January 27, 2019. When Robin the Chemo Teach nurse told me I would probably start losing my hair after three treatments, I didn’t think she meant the very next day. But right on cue, my hair started shedding on Wednesday.
I’m not sure why I actually believed in my heart that it wasn’t really going to happen to me. I didn’t even realize that was my truth. But it was like a big old punch to the gut when I ran my hand through my mop and a mass of hair came with it.
My first thought was, I need Steve to take a photo while I still have something there to take a photo of. So he did.
Next I ordered a pair of electric clippers. I envisioned a buzz cut in the very near future. So near in fact, that I added next day delivery to the order. After all, I was leaving a trail of hair everywhere I went, my pillow was covered in hair in the morning. I was feeling sad. I wondered why.
Intellectually, I knew this day was coming. Who am I trying to kid? So I sent an email to a dear friend of mine who knows all too well what it’s like to lose one’s hair. In the subject I put “Hair,” and then I wrote, “Mine is coming out in handfuls. Any advice?” My phone rang almost instantly.
We had a sweet discussion about being defined by our hair, how short should I buzz it and mirrors. We talked about wig or no wig, how many hats I had, and reminded oursleves it will grow back. She said, “You know, it’s just a little misstep.” She made me laugh outloud.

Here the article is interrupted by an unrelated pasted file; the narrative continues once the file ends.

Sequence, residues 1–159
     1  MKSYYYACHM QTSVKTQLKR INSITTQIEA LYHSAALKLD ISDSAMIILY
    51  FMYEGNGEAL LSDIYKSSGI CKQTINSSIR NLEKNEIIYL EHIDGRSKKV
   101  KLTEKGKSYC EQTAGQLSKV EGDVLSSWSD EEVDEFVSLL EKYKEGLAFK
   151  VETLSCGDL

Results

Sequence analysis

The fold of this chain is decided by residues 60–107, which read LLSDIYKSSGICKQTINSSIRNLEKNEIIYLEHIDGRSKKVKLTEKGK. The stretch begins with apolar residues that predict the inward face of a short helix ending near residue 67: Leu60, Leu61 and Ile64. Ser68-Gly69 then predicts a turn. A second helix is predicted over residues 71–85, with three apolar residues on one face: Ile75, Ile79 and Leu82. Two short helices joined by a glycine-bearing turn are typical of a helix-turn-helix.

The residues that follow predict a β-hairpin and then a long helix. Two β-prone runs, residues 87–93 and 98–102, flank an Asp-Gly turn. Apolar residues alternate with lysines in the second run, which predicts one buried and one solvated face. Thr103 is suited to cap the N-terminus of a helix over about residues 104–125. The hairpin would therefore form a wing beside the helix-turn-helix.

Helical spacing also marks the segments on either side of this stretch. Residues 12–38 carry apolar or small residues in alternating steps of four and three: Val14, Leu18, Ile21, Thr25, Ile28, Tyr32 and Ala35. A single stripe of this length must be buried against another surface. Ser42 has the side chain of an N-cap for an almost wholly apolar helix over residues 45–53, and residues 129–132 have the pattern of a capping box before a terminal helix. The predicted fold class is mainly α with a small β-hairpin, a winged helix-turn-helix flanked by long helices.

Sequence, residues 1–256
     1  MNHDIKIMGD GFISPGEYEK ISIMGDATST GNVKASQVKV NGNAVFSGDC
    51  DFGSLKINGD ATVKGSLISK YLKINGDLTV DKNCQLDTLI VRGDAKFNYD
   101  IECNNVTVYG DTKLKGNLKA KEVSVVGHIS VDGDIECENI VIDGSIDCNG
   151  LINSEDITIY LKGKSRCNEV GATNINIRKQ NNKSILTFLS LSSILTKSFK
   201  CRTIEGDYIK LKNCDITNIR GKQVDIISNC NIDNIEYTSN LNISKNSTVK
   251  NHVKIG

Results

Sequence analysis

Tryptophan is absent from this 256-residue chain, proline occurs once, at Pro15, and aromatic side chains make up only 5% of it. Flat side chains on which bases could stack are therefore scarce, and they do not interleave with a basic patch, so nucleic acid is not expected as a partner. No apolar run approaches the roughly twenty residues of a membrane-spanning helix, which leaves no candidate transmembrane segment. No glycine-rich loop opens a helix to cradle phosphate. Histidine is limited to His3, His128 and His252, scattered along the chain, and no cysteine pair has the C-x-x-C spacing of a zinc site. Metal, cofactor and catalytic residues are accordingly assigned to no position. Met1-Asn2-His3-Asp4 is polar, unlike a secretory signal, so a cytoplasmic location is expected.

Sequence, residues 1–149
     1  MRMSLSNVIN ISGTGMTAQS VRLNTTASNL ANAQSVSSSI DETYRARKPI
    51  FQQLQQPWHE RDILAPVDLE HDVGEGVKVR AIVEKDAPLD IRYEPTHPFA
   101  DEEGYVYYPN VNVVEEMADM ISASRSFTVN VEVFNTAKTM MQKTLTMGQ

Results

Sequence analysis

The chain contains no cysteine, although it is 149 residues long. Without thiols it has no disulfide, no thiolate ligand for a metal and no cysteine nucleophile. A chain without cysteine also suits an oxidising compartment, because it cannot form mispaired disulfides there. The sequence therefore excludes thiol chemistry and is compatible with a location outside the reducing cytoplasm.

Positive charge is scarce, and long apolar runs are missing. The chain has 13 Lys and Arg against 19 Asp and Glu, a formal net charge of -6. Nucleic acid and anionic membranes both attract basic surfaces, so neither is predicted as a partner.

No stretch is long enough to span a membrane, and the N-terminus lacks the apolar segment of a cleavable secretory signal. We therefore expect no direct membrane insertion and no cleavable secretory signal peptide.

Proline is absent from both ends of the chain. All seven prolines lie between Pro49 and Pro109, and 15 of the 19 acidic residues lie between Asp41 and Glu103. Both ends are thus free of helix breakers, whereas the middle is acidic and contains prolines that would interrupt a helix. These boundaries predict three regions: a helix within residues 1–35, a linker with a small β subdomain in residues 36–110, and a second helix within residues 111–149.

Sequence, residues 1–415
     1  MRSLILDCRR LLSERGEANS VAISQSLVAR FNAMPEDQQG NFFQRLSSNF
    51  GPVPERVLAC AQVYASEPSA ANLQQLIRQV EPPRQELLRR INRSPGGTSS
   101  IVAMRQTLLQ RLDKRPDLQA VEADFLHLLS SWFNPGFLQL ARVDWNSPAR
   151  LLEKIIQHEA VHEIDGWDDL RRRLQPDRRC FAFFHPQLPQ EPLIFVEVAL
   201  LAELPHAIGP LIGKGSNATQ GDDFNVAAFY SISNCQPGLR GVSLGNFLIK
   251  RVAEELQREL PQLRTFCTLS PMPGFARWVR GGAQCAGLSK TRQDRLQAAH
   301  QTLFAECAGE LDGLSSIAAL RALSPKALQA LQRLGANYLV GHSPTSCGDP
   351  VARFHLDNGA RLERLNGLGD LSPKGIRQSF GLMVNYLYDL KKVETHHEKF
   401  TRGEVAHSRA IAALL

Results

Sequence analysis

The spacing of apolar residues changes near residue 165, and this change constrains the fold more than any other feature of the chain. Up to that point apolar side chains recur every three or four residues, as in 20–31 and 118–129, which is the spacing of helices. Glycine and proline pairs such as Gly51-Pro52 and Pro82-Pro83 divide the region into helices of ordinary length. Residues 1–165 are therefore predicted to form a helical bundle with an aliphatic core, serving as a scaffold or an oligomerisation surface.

Talking with her was super helpful. But what I realized in the course of our conversation was that the real reason I was so distressed was because losing my hair made what I was going through even more real. Not having my hair was like putting a sign on my chest that said, “I have cancer.” It brought my illness front and center, whether I wanted it there or not. Shit.
The buzz. Last night I handed the clippers to Steve while I sat on a chair in the middle of the kitchen floor. We were both pretty emotional as he put the buzzing clippers to my head and took the first pass. Our eyes welled with tears, and we had a quiet moment. Then he forged onward and before we both knew it, I had a new do.
All that’s left now is to go completely bald, which I’m certain will happen and within the next few weeks. Dare I say it again? Shit.
Whatever our souls are made of, his and mine are the same. —Emily Bronte, Wuthering Heights